Hatton and Others v. UK (application No. 36022/97)

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Hatton alleged that the Government’s policy on night flights at Heathrow Airport, which gave her persistent sleeping problems, constituted a violation of her private life (Art 8).


No violation was found. The Court decided that there was no interference to be justified and that the authorities had acted within their margin of appreciation, striking a “fair balance between the right of the individuals affected by those regulations to respect for their private life and home and the conflicting interests of others and of the community as a whole” (§ 129).

Key jurisprudence

  • “It is logical that there be an inverse relationship between the importance of the right to privacy in question on the one hand and the permissible intensity of the State’s interference on the other hand.” (§ 10)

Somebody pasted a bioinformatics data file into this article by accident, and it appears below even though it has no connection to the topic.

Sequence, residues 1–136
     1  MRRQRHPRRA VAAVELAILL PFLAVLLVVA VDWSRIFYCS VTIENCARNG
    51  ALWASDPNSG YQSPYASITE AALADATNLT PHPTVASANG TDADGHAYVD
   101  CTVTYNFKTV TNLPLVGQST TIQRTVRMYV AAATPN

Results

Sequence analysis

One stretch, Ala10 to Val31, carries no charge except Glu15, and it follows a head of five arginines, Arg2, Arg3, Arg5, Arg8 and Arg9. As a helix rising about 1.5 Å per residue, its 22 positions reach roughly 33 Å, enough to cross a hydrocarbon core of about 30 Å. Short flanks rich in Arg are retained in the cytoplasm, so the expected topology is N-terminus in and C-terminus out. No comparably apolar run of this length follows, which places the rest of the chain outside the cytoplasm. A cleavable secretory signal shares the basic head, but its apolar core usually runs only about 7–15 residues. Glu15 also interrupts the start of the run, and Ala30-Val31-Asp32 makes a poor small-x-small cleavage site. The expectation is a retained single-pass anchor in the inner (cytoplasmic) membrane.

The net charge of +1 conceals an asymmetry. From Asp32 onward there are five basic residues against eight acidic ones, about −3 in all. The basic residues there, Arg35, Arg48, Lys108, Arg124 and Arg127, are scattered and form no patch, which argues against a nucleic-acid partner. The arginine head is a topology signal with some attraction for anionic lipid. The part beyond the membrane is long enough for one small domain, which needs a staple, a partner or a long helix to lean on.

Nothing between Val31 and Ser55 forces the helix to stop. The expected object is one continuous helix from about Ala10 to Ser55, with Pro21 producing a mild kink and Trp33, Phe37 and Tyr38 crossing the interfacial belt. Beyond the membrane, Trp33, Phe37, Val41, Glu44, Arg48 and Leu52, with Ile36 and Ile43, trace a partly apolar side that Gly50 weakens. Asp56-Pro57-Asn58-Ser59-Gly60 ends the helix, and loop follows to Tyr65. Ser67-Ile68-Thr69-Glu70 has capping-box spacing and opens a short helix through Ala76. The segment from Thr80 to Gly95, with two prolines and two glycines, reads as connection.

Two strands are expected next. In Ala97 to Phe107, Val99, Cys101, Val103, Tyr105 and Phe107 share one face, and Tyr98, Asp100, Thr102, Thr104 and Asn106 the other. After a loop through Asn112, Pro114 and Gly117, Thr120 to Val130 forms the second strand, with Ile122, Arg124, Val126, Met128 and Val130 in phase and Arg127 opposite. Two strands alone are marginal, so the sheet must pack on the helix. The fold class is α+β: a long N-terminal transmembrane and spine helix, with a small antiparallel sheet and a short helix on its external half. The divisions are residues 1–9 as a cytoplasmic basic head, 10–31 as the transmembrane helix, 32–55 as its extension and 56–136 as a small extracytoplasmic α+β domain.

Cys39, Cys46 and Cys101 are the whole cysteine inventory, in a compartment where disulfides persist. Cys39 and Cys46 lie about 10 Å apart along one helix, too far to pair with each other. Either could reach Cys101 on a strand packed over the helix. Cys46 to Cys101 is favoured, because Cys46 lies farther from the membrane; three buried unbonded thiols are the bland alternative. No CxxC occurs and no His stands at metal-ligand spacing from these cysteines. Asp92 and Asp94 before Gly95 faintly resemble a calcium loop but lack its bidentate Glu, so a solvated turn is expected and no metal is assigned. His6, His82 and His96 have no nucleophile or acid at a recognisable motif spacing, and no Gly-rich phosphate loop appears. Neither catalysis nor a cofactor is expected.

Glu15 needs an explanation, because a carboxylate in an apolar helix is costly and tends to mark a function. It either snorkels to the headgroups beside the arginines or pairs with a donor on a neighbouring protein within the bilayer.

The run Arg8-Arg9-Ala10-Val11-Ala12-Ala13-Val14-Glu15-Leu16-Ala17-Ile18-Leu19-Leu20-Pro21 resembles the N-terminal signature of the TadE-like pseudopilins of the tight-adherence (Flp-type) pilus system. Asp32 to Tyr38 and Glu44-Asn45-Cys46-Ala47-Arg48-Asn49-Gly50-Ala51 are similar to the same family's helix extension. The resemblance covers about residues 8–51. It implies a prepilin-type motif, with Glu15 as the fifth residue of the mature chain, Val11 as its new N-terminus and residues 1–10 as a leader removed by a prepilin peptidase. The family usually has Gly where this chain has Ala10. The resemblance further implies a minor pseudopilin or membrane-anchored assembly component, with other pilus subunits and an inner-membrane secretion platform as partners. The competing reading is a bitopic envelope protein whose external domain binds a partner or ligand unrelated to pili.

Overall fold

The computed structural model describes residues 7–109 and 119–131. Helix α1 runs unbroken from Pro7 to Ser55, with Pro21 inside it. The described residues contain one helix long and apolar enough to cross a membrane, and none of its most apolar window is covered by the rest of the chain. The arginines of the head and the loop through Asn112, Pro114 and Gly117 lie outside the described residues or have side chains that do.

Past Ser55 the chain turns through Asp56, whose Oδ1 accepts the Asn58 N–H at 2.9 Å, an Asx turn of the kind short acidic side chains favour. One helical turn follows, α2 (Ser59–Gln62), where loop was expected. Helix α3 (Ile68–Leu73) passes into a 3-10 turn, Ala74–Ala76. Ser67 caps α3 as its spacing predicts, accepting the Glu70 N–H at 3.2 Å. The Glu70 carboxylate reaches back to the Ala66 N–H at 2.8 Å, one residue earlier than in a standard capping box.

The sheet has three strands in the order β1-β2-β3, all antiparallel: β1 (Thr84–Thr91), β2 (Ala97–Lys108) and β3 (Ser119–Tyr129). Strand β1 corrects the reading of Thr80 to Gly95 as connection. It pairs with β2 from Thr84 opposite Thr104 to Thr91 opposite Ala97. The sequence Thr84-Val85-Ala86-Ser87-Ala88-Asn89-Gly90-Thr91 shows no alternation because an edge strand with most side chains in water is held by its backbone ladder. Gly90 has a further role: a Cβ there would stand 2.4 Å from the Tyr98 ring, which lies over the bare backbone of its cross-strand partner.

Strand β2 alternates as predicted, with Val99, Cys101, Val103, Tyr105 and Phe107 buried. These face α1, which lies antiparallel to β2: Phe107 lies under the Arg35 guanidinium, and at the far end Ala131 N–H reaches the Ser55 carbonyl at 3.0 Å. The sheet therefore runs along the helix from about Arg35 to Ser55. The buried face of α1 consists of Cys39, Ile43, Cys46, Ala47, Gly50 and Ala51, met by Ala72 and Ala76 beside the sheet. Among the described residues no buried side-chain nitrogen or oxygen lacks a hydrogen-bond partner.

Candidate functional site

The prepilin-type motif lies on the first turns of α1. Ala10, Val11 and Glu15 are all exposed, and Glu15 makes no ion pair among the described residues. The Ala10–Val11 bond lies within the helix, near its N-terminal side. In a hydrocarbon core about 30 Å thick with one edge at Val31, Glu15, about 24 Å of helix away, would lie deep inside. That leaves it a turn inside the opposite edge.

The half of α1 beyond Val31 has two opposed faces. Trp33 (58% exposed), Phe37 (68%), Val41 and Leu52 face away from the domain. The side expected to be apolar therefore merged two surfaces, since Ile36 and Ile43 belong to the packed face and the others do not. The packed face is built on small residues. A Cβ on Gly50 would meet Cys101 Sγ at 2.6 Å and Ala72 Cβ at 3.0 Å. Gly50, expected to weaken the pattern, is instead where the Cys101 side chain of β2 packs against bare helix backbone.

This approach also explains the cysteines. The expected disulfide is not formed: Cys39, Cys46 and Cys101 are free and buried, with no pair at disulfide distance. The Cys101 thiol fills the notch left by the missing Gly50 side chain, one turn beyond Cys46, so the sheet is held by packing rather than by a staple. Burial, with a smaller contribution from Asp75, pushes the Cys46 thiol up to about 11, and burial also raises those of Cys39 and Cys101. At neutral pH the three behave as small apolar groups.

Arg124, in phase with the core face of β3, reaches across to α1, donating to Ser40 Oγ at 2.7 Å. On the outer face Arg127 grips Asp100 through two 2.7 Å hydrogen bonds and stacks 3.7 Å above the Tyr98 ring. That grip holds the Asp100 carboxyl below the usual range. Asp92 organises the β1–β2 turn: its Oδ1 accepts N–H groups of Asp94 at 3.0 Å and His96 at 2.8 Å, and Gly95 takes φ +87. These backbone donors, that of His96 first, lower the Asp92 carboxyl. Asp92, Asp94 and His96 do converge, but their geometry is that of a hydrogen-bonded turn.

• While sexual intimacy embodies the innermost concentric circle of private life, “it is not logical to infer from this that the proportionality doctrine of inverse relationship between the importance of the right to privacy and the permissible interference should be limited to sexual intimacy.” (§ 10)
  • “Other aspects of privacy, such as health, may be just as “intimate”, albeit much more vital.” (§ 10)


Despite no violation being found, the joint dissenting opinion attempts to widen the scope of the phrase “most intimate aspect of human life”. This, in the very least, paves the way for further arguments based upon an intimate aspect of human life.

Compulsory medical intervention, even if it is of minor importance, constitutes an interference with the right to respect for private life, as “a person’s body concerns the most intimate aspect of private life” (Y.F. v. Turkey, (24209/94) § 33)

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  • Dudgeon
Filed Under: United Kingdom
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